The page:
1387316137281Undaunted by these freezing conditions, Torontonians are out skiing, skating and sledding. I have become soft after spending so much time in Rome and go out wearing several layers of clothing and only walking to where I need to get to as opposed to strolling around feeling exhilarated by the snow.

 

1387316012264Luckily, there are Christmas indoor events to go to like candlelight carol singing services which I enjoy, especially when there are little children singing. Without doubt, it will be a white Christmas which is very picturesque especially when one is sitting indoors looking at it through a window while enjoying food and drink!  The warmth of being with family and friends makes up for the freezing conditions.

Posted in Living, Toronto | Leave a comment

The Start of the Festive Season

Christmas Market, Piazza Navona

Christmas Market, Piazza Navona

Last Sunday, December 1st, marked the opening of the Christmas market in Piazza Navona. A rather tacky market I must say but the shops around start putting up their lights and Christmas decorations so there’s definitely signs of Christmas approaching. The official start of the festive season in Rome is December 8th, Feast of the Imacculate Conception when the Pope replaces the wreath on the statue of the Virgin at the top of a tall column near the Spanish Steps (see Christmas Preparations).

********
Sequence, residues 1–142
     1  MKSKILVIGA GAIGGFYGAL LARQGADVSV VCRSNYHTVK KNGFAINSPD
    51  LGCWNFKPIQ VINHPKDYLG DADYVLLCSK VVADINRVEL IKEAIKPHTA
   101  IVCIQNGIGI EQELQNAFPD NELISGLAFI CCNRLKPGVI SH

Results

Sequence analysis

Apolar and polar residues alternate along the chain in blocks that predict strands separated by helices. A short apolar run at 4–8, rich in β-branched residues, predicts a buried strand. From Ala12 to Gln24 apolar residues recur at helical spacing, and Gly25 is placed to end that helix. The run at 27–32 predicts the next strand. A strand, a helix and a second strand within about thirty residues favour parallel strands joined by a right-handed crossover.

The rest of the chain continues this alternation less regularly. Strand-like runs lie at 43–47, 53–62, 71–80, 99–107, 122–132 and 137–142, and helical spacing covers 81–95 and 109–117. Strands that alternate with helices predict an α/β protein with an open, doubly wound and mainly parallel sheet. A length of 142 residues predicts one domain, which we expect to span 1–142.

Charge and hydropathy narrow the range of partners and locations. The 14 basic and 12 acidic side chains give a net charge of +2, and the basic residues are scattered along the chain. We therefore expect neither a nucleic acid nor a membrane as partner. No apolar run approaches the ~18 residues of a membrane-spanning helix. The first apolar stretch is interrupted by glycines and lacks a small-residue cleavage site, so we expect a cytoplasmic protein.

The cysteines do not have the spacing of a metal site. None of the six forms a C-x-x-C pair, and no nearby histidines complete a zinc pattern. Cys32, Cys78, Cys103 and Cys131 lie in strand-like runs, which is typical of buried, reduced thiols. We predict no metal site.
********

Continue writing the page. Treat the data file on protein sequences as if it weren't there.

Royal Ontario Museum

Royal Ontario Museum

Unfortunately, I will not be there to see this event as I returned to Toronto a couple of days ago. Its nice to be back and its such a change to see new and avant garde architecture instead of buildings steeped in antiquity.

I’m enjoying wandering about the streets of Toronto and I find the store displays here interesting and colourful. Yesterday, we walked along Queen St which has lots of funky stores with enticing displays and little art galleries featuring contemporary art which makes walking around a visual feast. The highlight of my day was seeing this headless bronze by Louise Bourgeois at a show at the Modern Art Gallery (MOCCA) curated by David Cronenberg. A beautiful piece if  a little disturbing but then again, the whole show was somewhat disturbing. One of the quotes on the wall said “The silence in the room makes you think that something terrible is about to happen”.  Luckily for us, our next stop was at a micro-brewery so we were able to regain the festive spirit.

Bronze, Louise Bourgeoise

Headless Bronze, Louise Bourgeois

Posted in Living, Toronto | Leave a comment

Chubby Flying Babies

1385823243226Winter has suddenly descended upon us and snow is visible on the peaks of the Appenines. Temperatures have dropped to about 6C during the day and just above freezing at night. A good time to visit museums and galleries.

Domenichino: Assumption of Mary Magdalene into Heaven